With the advent of digital radiography, classical templating of implants for total knee replacement is no longer possible. Computer based programmes to size implants are available and should improve pre-operative planning. Two papers described experience of this and showed that traditional and digital templating were equally effective. There remained a poor correlation to the final implant inserted at surgery.
The early results of a pragmatic multi-centre randomised trail of total knee replacements were reported (the KAT trial). Further follow-up is required beyond the 2 years so far, but there appears to be no difference in complications, clinical outcome, functional status or quality of life measures whether the patella was resurfaced or not, if a mobile bearing was used or if the tibial tray was metal backed.
Knee replacement in younger patients is becoming more common, but do they last? A study of patients under 60 at the time of operation showed a significant fall in function and increase in pain in the second decade after surgery and 17% had required revision surgery by 15 years. Another paper reported the results of knee replacement in active golfers. The ability to play improved, but there was no reported improvement in handicap. There was a higher risk of failure of the left knee in right-handed golfers.
A paper discussed the vexed issue of steroid injections and knee replacements. It has been suggested that injections prior to surgery increase the risks of infection and poor wound healing. The paper showed no difference in the risk of these complications but a poll of the audience suggested that the great majority of experienced knee surgeons would defer such knee surgery for at least 6 months after a steroid injection.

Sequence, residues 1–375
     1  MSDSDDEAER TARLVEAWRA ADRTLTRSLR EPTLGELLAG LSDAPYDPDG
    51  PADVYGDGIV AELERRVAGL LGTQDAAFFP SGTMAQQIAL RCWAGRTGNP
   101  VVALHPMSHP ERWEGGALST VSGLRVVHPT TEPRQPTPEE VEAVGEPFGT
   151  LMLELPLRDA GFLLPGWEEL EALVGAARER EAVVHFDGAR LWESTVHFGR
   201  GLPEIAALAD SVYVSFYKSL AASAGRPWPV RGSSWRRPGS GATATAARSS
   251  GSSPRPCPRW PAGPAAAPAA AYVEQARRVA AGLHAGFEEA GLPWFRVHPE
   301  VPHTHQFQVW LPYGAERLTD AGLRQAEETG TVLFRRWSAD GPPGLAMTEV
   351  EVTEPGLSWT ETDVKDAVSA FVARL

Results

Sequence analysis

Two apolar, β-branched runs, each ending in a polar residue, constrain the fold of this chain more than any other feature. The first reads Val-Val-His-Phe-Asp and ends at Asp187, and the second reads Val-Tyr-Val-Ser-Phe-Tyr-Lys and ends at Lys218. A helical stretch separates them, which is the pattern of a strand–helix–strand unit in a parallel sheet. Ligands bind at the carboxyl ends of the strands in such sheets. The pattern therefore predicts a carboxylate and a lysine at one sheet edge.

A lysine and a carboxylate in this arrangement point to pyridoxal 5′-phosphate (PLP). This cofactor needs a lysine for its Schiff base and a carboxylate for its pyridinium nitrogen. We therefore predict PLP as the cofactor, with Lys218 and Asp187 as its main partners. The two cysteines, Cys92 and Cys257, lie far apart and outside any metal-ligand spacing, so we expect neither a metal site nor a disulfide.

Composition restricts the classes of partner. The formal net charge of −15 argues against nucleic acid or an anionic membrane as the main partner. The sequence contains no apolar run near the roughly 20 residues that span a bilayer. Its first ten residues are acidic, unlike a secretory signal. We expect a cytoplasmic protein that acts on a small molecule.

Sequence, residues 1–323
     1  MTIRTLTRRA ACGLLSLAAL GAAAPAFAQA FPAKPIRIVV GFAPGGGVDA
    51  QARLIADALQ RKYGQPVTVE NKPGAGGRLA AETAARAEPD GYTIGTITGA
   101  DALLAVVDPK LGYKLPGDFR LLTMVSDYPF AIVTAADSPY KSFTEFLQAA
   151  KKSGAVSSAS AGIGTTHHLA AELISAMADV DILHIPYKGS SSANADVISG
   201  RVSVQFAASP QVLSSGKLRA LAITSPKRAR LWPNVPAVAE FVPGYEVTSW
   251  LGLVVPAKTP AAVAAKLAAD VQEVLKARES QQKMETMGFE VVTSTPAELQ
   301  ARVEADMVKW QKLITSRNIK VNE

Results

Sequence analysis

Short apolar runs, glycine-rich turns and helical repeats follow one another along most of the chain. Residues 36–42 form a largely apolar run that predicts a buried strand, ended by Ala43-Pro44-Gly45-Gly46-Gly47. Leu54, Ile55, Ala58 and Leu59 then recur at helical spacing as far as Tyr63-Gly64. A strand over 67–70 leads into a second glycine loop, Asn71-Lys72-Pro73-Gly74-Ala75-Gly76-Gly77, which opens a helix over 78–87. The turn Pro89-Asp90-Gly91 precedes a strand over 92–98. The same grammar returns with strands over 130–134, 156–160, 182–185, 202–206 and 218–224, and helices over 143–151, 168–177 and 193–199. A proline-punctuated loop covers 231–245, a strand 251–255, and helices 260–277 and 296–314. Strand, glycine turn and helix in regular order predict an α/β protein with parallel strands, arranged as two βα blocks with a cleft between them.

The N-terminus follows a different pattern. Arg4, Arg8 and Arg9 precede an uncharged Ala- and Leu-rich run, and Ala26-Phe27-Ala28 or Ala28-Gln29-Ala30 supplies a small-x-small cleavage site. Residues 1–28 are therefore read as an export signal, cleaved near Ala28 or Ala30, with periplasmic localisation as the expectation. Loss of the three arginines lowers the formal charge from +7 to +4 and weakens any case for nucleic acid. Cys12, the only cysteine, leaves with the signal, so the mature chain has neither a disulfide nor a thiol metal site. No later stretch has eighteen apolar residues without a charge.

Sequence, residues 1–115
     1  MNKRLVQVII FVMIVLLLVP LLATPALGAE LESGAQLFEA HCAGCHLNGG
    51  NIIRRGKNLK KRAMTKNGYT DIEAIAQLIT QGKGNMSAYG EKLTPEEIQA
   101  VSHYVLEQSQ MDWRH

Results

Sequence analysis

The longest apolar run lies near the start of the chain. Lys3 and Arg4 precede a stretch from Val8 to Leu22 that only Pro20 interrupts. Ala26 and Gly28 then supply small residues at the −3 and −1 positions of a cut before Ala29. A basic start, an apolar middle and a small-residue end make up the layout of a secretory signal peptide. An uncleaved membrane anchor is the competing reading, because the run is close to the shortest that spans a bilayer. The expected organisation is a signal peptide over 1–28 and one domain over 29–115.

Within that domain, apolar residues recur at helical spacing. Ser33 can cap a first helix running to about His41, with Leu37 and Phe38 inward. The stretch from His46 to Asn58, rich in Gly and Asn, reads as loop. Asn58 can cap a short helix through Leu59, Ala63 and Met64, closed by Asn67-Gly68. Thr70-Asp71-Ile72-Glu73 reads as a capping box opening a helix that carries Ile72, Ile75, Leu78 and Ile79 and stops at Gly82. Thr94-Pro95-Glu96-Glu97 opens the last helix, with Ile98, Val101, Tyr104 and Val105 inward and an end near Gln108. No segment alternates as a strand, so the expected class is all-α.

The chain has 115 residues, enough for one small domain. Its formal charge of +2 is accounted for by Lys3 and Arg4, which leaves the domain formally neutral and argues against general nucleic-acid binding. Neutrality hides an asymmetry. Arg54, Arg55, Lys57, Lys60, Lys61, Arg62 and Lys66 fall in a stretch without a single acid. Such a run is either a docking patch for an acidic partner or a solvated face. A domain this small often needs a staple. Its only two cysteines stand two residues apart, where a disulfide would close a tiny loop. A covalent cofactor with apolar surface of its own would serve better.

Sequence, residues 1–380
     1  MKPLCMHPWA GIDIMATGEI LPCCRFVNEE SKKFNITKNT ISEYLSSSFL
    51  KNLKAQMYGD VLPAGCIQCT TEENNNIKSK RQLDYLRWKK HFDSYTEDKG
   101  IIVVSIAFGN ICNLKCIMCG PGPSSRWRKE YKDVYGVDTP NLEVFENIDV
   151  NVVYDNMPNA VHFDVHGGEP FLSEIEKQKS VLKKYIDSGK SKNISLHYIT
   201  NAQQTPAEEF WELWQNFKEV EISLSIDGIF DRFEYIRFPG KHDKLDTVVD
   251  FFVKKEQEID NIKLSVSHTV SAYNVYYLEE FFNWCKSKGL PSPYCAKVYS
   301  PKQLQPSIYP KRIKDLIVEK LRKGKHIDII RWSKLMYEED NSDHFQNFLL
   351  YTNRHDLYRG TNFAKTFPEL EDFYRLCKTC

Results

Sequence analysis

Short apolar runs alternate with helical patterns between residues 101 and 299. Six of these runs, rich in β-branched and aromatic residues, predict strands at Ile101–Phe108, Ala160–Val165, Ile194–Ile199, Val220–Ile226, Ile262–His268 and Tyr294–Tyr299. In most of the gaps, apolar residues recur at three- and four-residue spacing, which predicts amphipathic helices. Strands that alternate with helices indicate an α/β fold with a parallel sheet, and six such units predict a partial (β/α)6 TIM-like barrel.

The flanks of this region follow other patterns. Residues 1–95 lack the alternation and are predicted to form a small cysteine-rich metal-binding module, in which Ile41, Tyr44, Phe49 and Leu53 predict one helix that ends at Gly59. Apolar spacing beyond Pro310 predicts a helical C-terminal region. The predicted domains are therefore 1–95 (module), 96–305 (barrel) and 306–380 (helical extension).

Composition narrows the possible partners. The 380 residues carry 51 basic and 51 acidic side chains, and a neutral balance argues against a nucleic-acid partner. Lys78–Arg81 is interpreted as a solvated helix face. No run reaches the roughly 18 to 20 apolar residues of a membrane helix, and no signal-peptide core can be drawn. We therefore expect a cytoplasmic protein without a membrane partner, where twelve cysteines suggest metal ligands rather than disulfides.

Many patients say they cannot kneel after a knee replacement, but the reason is often down to poor advice and misunderstanding. Kneeling is not harmful to a knee replacement, and patients who were shown how to kneel at 6 weeks after surgery were much more able to kneel and stand up again.
Osteoarthritis localised to the patello-femoral joint is often treated with the Avon patello-femoral replacement. The originator of the operation described his experience of 21 patients referred to him where the operation had failed to improve pain. The majority were due to technical error rather than progression of arthritis and the study reinforced that this type of surgery should be performed by experienced surgeons avoiding incorrect positioning and sizing of the implants.
A report on the changing demographics of anterior cruciate ligment rupture confirmed the observation that these injuries are being seen more often in older age groups, women and skiers.
Graft choice for anterior cruciate ligament reconstruction remains controversial, but a study measuring stretching of the graft and slippage of fixation showed both were greater in hamstrings grafts rather than patellar tendon grafts. This needs to be interpreted with the knowledge that clinical studies have failed to show any significant difference in the functional outcome of the two techniques.